Shortly before the start of the 20th century (1900), electricity began to improve the lives of Iowa families in many ways. However, few farm families had the new service. Farm families began to feel that life on the farm was not as good as life in town, and some farm families began wishing that they could quit farming and live somewhere else. 

Electricity Comes to Town 

In 1880, Thomas Edison invented a working model of a light bulb. Two years later Edison built the first municipal electrical generator to make electricity in New York City. Soon electric wires were going up in towns all across America as people discovered the wonders of electrical current. 

Little improvements began showing up everywhere. In Jefferson, Iowa, guests at the hotel pressed a button to ring for someone to get their suitcases. Telephones connected homes and businesses. Town families replaced their kerosene lamps with light bulbs and quit washing up the soot-stained glass covers of the lamps. 

Most women did their washing on Monday and ironing on Tuesday. Ironing day was long and hard. Women stood by a hot stove that heated their irons and then lugged the heavy irons back and forth over shirts and dresses. Electric irons were much lighter, and they could be used anywhere. Soon so many women in Jefferson were using electric irons on Tuesday that the local electric company had to boost the output on the generators to keep up with the demand.

Soon many town families began to buy electric toasters, stoves, vacuum cleaners, fans and hot water heaters. The town put up electric lights along the streets and sidewalks. Many children growing up in towns after World War I had never lived in a home without electricity. 

The Government Steps in to Help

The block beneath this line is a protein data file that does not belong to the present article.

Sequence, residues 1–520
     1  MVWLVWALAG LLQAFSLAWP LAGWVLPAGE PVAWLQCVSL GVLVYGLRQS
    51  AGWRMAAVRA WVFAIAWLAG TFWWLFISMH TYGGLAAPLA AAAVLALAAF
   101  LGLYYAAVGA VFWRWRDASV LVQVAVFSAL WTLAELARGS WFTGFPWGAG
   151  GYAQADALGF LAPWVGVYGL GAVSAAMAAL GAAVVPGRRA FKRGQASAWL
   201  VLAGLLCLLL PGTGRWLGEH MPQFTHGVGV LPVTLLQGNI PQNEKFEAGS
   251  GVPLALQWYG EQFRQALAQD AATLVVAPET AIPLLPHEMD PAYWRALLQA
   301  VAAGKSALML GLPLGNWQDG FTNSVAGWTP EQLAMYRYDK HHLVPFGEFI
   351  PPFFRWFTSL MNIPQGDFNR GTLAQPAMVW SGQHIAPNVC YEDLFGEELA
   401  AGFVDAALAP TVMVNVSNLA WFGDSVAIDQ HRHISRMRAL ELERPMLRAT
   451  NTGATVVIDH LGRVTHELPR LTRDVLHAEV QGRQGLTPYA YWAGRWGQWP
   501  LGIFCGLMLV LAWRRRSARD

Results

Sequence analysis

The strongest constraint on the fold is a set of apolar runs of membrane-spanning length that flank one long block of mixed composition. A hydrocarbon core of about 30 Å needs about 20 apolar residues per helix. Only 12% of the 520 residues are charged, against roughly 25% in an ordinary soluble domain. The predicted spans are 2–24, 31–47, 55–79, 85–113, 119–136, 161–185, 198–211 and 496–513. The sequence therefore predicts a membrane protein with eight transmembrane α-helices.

Farm families were not so fortunate. It cost more money to run long lines through the country to hook up farm homes. Some estimates put the cost between $1,000 and $2,000 per mile. Private electric countries found it more profitable to serve two homes in town built close together. Farm families continued to cook their means on wood-burning stoves, use outdoor toilets and light their rooms with kerosene lanterns. In 1925, the census reported that in Greene County, only 265 out of 2,000 farms had electric lights, heat and indoor toilets.

In 1936 the federal government stepped in to help farm families get electricity. Congress passes the Rural Electric Act (REA) setting up an agency to loan money to farmers to build and operate rural electric cooperatives, or co-ops. The co-ops were not created to make money selling electricity. They were owned by the farmers themselves and any "profits" were distributed back to the electricity uses, the farmers themselves. The co-ops hired men to dig the holes for the electricity poles and power lines began going up across the countryside. At first, the co-ops purchased their electricity from nearby private electrical companies, but later they built their own generators. World War II created temporary shortages in copper wire and other materials necessary to run electricity to farm homes. After the war, however, the wires went up quickly and soon farm families were enjoying the same benefits of electricity that town families had used for half a century. 

One woman has a special memory of the day electricity came to her farm. Her mother had a refrigerator already plugged in, ready to go as soon as the co-op could get an electrical line to the farmhouse. When she and her mother heard the refrigerator motor start, they jumped into the car and headed towards town. What did they buy? Jell-O. Jell-O needs a cool place to set up and become firm. Before farm families had electric refrigerators, only town families could make Jell-O. To that family, the REA meant that they could have Jell-O, just like town families. 

Another woman remembers that the electric crew finished connecting the wires to their farm home just as the sun was going down and it was growing dark. The whole family stood in the yard while her older brother ran inside to turn on the electric lights. She remembers that her mother stood there crying. At the time, the woman thought her mother was happy because she would have electrical appliances to make her work easier. Many years later, she understood that it was much more than that. With electricity, her mother knew her daughter could choose to live on the farm and not have to live in a second-class home. With the coming of electricity, one of the big reasons farm families often wanted to the leave farm ended. The differences between homes in the country and home in the town grew smaller. 


  • Amy Ruth, “The Changing Home,” The Goldfinch 17, no. 3 (Spring 1996): 11-13.